The Jungle Theater in Minneapolis has reopened with a one hour somewhat interactive play written by Duncan Macmillan, with Jonny Donahoe. Now don’t misunderstand me, you will not be influencing the course of the play and this isn’t improv, but there is a bit of flexing that muscle on display. You will be required to read a sentence or a word from a piece of paper when called upon. In a few cases you will be asked to do a little more. For instance, I had to give a speech at a wedding off the top of my head, but nothing more than that in most cases. Every Brilliant Thing is a one actor, one audience play. The actor in the performance I saw was Joy Dolo. She is telling the story of a woman whose mother attempted suicide when she was seven years old. The seven year old’s response to her mother’s wish to die was to make a list of every brilliant thing she could think of that made life worth living to show her Mom. Number one, Ice Cream! We follow this young lady through her life and as she grows, so does her list. It’s a lesson in taking note of all the good things even when we are not feeling well or happy. It’s a simple idea, but it’s a very powerful one. Think if you sat and made a list of Every Brilliant Thing. Not the OK things, but just the brilliant things. What would you do with such a list? What would its power be? I’d take it out when I was feeling overwhelmed, sad, hopeless, and remind myself that there is more to life than this moment, this pain, this struggle.
I like the idea so much that I’m going to start my own list right now. The first thing on my list of brilliant things is Joy Dolo’s performance in Every Brilliant Thing. There simply is no actor more engaging and welcoming with the ability to make you laugh and cry in the space of seconds. She single handedly shepherds a cast of dozens of unrehearsed people to create a unified, coherent story. The audience participation seems like a gimmick at first, there to provide some humor and get people into the swing of things, maybe just to keep them paying attention. But that isn’t it, you don’t need a gimmick to keep people’s attention when Dolo is on stage. And the participation adds more than humor, it build connection at least it did for this blogger. When I toasted my daughter on her wedding night, I thought back to the car rides we’d shared in silence and the times I shut myself away in my den to listen to music rather than help her understand what was happening. I wished her all the happiness and prayed for her forgiveness. Some performers are loud, or wild, or powerful and they scream “look at me!!”. Dolo, doesn’t do that, she invites you in, you look at her, you pay attention to her, not because she is demanding it, but because you really really want to. She is open to the audience in a way that lets you in immediately. While she is coaching the audience through their parts, she never loses her character. As for the rest of the cast it will depend on your audience, I thought the fellow playing the Father was quite good the night I went, considering he didn’t know he’d even been cast.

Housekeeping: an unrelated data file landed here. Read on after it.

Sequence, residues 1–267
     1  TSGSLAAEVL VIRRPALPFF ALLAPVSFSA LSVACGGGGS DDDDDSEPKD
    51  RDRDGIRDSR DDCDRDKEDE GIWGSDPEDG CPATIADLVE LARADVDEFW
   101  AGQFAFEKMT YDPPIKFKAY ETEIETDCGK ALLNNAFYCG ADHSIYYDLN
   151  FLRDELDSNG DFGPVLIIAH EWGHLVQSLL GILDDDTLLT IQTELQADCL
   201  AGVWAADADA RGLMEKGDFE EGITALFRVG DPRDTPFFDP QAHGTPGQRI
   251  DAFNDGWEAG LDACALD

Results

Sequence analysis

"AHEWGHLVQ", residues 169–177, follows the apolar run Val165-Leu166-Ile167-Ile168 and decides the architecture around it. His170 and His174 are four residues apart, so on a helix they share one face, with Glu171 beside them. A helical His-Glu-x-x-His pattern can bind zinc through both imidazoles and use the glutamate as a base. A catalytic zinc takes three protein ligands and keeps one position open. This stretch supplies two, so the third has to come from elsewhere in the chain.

I have to say that I had sort of read a brief description of the play, saw it’s run time was only an hour, and thought with so many shows finally opening up I’d give this one a miss with the packed schedule. I was urged by another blogger not to miss this show and I’m glad I took her advice. Every Brilliant Thing is not to be missed. I’ve enjoyed everything I’ve seen since the theaters reopened, for me this has been the most rewarding of my post pandemic excursions. The show is directed by Meredith McDonough with the unique tasks of directing two different performers in the same role. Jucoby Johnson actually plays the lead in most performances with Joy Dolo appearing every Thursday of the run. I have not seen Jucoby Johnson’s performance but there is an excellent review here by Cherry and Spoon . The Theater has been transformed from it’s usual configuration into a theatre in the round venue by Scenic and Costume Designer Mina Kinukawa and it really enables Dolo and Johnson to get that engagement with the audience going. It was the right decision for this show, and plays a key part in establishing an all in this together vibe. The other technical aspect that really deserves a shout out is the Sound Design by Montana Johnson. Music is minimal but key, it’s use always important to the story and very effective. I particularly liked being reminded of Daniel Johnston and always good to hear a little Ray Charles.
Every Brilliant Thing runs through November 14th at the Jungle Theater in the Lynlake area near Uptown Minneapolis. For more information about the show and to purchase tickets go to https://www.jungletheater.org.